The Princeton Review Recommends Misericordia
MISERICORDIA GRADUATES’ RESEARCH RECOGNIZED-Recent Misericordia University biology graduates Rachel Bohn, Mountain Top, left, and Palmer Steiner, Millville, Pa., right, conducted cancer cell research as undergraduates with Frank DiPino, Jr., Ph. D., professor of biology, as part of the Summer Research Fellowship Program. The University received high marks from its students for academics, personal attention and campus life in an independent survey conducted by The Princeton Review.

Misericordia University has been recognized as one of the top colleges and universities in the northeastern United States, according to The Princeton Review, a nationally known education services company.

Misericordia University is one of 228 institutions of higher education The Princeton Review has recommended in its “Best in the Northeast” section of its website feature, “2017 Best Colleges Region by Region” that posted Monday, Aug. 29 on colleges are selected for the list based on their “excellent academics” and the results of a survey of students by The Princeton Review on their campus experiences as well as how they rated various aspects of their college life, according to the website.

“Since 1992 when we created this guide to the colleges we believe are the nation’s best, academically, our purpose has been twofold,” said Robert Franek, Princeton Review’s senior vice president-publisher and lead author of the book. “One: we want to shine light on these exceptional institutions –which represent only 15 percent of the nation’s four-year colleges. Two: we work to give applicants considering them an incomparable amount of campus feedback to decide which college may be best for them. We base our 62 ranking lists entirely on what the colleges’ customers, their enrolled students, report to us on our surveys. As such, they provide unique insights into the campus cultures, aid offerings, services, and student body communities at these schools.

“In the end, it’s all about the fit,” Franek added.

The Princeton Review editors made their selections based on data the company collected from its survey of 143,000 students at several hundred colleges in each region regarding 84 questions about their school’s academics, administration, student body, and themselves.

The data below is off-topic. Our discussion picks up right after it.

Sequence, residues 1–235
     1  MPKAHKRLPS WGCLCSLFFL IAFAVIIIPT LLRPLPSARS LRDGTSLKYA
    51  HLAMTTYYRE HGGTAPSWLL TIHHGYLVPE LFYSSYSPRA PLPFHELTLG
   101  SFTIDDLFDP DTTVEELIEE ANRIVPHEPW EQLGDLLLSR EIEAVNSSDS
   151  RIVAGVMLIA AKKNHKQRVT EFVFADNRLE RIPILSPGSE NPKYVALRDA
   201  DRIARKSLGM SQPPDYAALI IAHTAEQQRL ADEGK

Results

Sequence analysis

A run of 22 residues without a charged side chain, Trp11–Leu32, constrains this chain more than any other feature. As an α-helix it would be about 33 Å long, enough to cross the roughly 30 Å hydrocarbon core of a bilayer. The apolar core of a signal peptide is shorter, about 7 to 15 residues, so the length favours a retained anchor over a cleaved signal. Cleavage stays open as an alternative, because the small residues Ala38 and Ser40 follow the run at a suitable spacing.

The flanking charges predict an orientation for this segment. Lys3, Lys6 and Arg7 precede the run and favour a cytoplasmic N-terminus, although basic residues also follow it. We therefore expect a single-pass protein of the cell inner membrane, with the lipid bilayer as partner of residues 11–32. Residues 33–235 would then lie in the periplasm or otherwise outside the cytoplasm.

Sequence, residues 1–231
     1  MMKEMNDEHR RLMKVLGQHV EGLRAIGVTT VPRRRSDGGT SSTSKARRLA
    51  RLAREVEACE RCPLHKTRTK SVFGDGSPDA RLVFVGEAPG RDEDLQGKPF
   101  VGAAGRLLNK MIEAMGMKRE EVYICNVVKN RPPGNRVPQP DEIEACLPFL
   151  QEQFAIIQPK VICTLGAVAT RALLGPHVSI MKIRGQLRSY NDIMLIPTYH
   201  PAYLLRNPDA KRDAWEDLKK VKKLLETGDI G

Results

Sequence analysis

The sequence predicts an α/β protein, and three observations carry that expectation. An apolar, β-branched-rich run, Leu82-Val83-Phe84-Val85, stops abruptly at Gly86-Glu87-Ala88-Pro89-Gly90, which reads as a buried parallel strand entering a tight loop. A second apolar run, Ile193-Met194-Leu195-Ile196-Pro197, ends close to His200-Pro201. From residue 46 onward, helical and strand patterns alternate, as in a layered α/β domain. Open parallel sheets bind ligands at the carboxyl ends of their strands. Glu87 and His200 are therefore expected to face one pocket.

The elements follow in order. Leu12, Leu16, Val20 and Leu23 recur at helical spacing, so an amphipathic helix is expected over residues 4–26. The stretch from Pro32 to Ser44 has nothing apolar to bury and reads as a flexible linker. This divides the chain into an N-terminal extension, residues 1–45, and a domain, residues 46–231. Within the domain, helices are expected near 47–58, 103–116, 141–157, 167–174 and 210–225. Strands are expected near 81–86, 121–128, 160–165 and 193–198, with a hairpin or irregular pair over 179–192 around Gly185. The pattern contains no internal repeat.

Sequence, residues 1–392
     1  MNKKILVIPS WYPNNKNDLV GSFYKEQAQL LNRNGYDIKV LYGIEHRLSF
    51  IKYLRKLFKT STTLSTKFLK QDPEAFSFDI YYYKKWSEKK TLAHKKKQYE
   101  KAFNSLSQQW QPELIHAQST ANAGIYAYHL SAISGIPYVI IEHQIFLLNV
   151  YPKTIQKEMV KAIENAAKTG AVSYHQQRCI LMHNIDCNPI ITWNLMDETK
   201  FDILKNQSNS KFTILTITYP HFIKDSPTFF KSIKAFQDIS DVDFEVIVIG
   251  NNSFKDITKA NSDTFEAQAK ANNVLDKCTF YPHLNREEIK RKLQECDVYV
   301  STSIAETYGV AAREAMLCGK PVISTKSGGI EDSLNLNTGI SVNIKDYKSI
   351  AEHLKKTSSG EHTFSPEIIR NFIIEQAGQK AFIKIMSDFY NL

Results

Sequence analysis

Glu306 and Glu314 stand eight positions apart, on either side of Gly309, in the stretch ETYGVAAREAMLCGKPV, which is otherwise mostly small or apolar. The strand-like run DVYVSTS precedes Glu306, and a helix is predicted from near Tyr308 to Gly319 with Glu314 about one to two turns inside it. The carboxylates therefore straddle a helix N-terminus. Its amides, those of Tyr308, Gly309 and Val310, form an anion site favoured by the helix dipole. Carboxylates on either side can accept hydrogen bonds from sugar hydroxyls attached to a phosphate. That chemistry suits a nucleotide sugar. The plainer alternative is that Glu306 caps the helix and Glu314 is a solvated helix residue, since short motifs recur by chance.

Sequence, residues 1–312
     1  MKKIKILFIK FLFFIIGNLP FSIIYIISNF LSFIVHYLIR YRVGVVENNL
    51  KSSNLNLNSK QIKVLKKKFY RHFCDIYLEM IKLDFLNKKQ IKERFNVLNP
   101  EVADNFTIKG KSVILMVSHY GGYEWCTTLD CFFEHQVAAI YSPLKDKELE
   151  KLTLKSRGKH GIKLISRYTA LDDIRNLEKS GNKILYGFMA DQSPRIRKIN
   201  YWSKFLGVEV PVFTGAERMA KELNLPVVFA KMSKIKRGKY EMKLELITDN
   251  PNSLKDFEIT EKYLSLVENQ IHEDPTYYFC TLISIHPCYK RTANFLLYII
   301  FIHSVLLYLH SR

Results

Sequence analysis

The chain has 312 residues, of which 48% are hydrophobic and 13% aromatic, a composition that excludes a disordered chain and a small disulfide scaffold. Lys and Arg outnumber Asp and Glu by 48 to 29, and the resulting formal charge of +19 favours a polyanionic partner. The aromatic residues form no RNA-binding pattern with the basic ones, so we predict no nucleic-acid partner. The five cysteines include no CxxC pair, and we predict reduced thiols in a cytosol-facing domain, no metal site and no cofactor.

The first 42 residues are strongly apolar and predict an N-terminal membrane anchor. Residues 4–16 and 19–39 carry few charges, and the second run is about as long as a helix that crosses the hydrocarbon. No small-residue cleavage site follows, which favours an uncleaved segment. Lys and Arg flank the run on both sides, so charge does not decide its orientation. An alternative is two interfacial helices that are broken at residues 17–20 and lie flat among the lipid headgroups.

In the Princeton Review profile, Misericordia University students describe their campus as “welcoming” and with “a good work/life balance.” They also refer to the university as “really community service oriented” where undergrads “have a great time serving others.” They also refer to the university’s inviting atmosphere that attracts a “friendly” and “very inclusive” student population, where “we have an unwritten rule that we hold the door open for someone even if they are 15 feet away.”

Misericordia students acknowledged the university’s highly respected programs in the health sciences, including medical imaging, sonography, nursing, occupational therapy, physical therapy, speech-language pathology, and solid offerings in business and teacher education. Undergrads are grateful that professors “really seem like they genuinely care about their students.” They also truly appreciate that professors “have (a lot of) experience in their field and bring so much outside information into the classroom that you really get a feel for what it will be like when you are working.” The students also said that the school’s modest size allows Misericordia to really “cater to each student’s needs.” One junior explained, “In the end, “Misericordia University is about receiving a top-notch education while providing endless opportunities to grow.”

Misericordia University received significantly higher academic and quality-of-life ratings than numerous peer institutions received from their own students, according to The Princeton Review. The ratings appear on the school profiles, and are scored on a scale of 60 to 99. The Princeton Review tallied the scores based on institutional data it obtained from the school and/or student survey data. Misericordia received the following rating scores: Professors interesting rating, 92; professors accessibility rating, 83; admissions selectivity, 81, and quality of life, 78. The Princeton Review explains the criteria for the rating’s scores and selection to the rankings on its site at